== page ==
Cuisine and Crops in the Congo Delta, 1863

This map of the Congo delta was apparently ripped out of a book and there is no id for it; probably early to mid 19th.C.

The crops and cuisine of groups living in the delta area of the Congo river in the mid 19th Century is interesting in that there apparently was little processing of crops, other than cassava.  Of course, Sir Richard Burton‘s data comes only from the season he was there, and he gives  no information on processing fresh crops for post-harvest use.

 Meat rarely appears; river fish, fresh or sun-dried, is the  usual “kitchen,” eaten with manioc, toasted maize, and  peeled, roasted, and scraped plantain: vegetables and  palm-oil obtained by squeezing the nut in the hands, are the  staple dish, and beans are looked upon rather as slaves’  food. They have no rice and no form of ‘daily bread’…

 …The greens, cabbages, spinach, and French beans,  mentioned by Tuckey*, have been allowed to die out. Tea,  coffee, sugar, and all such exotics, are unappreciated, if not  unknown; chillies, which grow wild, enter into every dish,  and the salt of native manufacture, brown and earthy, is  bought in little baskets.

 *Capt. Tucky headed a multidisciplinary expedition into the area in 1816 and some of the agronomic results of that trip will be discussed in an upcoming blog.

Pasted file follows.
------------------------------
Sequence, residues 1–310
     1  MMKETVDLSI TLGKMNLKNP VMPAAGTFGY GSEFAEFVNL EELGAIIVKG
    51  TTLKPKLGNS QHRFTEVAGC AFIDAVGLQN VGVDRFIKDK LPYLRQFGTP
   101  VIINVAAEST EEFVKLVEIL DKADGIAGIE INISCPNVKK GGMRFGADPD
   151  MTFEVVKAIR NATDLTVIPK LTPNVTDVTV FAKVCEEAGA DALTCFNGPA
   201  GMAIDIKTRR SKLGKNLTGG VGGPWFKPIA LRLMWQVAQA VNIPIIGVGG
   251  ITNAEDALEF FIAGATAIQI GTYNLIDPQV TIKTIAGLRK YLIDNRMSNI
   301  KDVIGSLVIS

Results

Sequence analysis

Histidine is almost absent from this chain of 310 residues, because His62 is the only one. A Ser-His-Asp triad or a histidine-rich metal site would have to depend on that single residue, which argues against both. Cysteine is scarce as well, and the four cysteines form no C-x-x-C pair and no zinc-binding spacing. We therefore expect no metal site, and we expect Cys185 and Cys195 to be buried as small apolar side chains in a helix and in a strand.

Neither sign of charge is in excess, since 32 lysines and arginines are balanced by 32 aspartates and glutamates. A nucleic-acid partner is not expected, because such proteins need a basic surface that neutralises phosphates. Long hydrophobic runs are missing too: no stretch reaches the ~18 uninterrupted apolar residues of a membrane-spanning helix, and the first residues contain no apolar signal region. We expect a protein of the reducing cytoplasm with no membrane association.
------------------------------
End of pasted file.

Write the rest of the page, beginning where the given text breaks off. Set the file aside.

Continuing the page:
Source: Burton-Two Trips to Gorilla Land and the Cataracts of the Congo, vol 2, 1872 [travels were in 1863]

Why beans were looked upon as slaves’ food is not explained; perhaps because [apparently] the Portuguese originally planted beans [and cassava] as crops that could be dried and then brought on the slave ships as ‘easy’ food for the slaves.  But that opens the question: what fuel would have been used on the ships for cooking?!

The Congo watershed is huge; Lake Tanganyika looks like a mere drop in the bucket, to the right of the watershed

 

 

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About dianabuja

With a group of BaTwa (pygmy) women potters, with whom we've worked to enhance production and sales of their wonderful pots - fantastic for cooking and serving. To see the 2 blogs on this work enter 'batwa pots' into the search engine located just above this picture. Blog entries throughout this site are about Africa, as well as about the Middle East and life in general - reflecting over 35 years of work and research in Africa and the Middle East – Come and join me!
This entry was posted in Africa-West, Agriculture, Colonialism, Cuisine, Explorers & exploration, Food, Indigenous crops & medicinal plants. Bookmark the permalink.

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